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The House of Burning Incense

The House of Burning Incense Sufani Garza

When I spoke to Euclytus on the topic of God, he had a lot to say. I have been most impressed with how Euclytus always seems to deliver answers in metaphors that are so conscientiously kind. No doubt, his metaphors make his teachings accessible to everyone.

Recently, I had posted a quote on Facebook from a channeling in the Sedona Journal of Emergence! Loosely paraphrased, the quote referred to how it does not matter what religious background we come from, because we have incarnated many times in many different religions and faiths already, and what matters is that we are shining our light into the world of darkness. A Facebook "friend" I don't really know (the aunt of someone I went to school with) commented, "I couldn't agree less. My light comes from the Bible." As always, I was struck by the condescension, the exclusion, ego, and confrontation of such a statement. It was not an opening to discuss truths—as Jesus, the Christian leader would even have done (at least as stories depict him in the Bible). Instead, it was a conversation stopper, a comment truly meant to incite disagreement and judgment. I thought carefully about my response, mindful to not respond in kind—with Biblical swords fueled by my ego and the need to "win" or be right—as I have in the past.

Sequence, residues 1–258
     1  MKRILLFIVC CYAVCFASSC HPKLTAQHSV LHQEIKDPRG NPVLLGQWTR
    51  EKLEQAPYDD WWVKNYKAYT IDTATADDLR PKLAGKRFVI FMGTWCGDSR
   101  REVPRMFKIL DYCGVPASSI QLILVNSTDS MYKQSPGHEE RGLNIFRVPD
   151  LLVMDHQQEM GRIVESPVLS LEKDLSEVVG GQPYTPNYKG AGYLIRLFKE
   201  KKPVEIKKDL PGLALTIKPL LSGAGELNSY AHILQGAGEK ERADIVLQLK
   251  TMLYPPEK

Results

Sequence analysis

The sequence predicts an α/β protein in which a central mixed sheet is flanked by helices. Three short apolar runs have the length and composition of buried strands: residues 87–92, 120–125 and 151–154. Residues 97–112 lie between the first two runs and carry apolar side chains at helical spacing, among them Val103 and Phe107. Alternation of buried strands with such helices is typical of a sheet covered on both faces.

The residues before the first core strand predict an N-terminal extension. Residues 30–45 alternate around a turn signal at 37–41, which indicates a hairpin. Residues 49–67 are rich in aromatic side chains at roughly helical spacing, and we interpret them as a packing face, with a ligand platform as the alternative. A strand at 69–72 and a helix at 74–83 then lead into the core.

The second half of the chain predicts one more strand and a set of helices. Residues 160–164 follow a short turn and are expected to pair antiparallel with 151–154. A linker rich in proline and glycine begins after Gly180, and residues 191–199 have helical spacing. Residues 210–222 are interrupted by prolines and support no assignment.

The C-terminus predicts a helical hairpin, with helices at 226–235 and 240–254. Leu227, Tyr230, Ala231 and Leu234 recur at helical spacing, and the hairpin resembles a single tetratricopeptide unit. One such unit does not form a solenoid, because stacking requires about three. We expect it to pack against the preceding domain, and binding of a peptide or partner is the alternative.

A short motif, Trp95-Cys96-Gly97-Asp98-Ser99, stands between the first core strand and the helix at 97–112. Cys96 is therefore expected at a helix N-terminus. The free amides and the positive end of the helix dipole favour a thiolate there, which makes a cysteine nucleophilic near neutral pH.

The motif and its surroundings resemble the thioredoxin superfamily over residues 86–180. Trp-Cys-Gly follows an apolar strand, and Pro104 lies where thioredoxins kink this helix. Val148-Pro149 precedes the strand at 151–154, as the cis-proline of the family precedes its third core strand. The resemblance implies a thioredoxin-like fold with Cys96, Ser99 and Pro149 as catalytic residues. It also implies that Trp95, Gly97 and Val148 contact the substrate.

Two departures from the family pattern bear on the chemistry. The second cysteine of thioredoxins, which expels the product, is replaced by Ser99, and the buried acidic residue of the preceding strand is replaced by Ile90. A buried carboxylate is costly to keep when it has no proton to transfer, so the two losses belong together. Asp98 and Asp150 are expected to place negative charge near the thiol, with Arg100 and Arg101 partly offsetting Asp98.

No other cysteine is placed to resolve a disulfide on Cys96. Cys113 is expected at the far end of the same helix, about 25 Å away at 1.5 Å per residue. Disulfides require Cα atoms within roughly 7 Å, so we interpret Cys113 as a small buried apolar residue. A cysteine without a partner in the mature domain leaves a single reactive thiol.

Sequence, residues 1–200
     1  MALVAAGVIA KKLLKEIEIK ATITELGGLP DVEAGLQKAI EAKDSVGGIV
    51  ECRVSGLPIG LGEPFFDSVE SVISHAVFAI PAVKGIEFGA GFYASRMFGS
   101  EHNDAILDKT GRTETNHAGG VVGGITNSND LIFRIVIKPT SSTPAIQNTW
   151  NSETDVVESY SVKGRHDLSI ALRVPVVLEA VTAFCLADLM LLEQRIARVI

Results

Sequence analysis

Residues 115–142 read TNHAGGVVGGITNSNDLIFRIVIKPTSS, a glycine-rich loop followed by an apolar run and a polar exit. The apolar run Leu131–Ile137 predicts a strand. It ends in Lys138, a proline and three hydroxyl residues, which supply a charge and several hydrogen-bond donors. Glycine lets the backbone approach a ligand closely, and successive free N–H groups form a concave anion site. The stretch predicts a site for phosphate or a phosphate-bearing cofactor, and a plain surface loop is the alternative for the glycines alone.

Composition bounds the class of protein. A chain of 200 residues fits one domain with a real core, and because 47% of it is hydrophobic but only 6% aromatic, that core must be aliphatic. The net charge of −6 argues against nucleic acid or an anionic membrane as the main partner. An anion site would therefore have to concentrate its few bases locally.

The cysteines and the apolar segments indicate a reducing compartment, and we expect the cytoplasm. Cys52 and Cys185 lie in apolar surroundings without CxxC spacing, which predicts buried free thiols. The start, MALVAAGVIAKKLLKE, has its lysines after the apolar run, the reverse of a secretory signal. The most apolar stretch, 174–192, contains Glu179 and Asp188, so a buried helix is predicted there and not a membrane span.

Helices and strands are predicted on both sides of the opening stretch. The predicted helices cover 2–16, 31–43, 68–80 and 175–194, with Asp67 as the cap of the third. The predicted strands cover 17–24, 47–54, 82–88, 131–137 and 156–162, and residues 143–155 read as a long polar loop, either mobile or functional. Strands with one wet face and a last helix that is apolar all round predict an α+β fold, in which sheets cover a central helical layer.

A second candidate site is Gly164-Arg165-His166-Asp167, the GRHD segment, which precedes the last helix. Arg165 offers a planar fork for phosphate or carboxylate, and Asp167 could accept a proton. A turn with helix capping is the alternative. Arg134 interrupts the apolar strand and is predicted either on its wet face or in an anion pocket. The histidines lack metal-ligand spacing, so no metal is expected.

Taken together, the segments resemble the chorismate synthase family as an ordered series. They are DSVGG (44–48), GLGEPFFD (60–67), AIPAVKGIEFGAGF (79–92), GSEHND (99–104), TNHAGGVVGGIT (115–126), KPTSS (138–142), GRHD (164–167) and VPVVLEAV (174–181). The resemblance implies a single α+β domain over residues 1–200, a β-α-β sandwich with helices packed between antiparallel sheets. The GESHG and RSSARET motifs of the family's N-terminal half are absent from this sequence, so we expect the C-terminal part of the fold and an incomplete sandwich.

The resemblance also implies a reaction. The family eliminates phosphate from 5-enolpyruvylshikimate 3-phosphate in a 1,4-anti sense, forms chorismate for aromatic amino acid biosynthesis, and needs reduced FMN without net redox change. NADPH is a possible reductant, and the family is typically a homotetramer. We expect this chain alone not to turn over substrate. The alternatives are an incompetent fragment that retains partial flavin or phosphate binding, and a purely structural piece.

As my journey takes me through many religious traditions, I have found that ego is the main problem with finding the common thread of them all. I feel that if each person on his or her chosen path could see the other as a thread woven into the same cloth on the path of seeking a home with God once again, the combined light of that understanding could help us see who we are to one another in love. In this way, we could honor each individual's journey.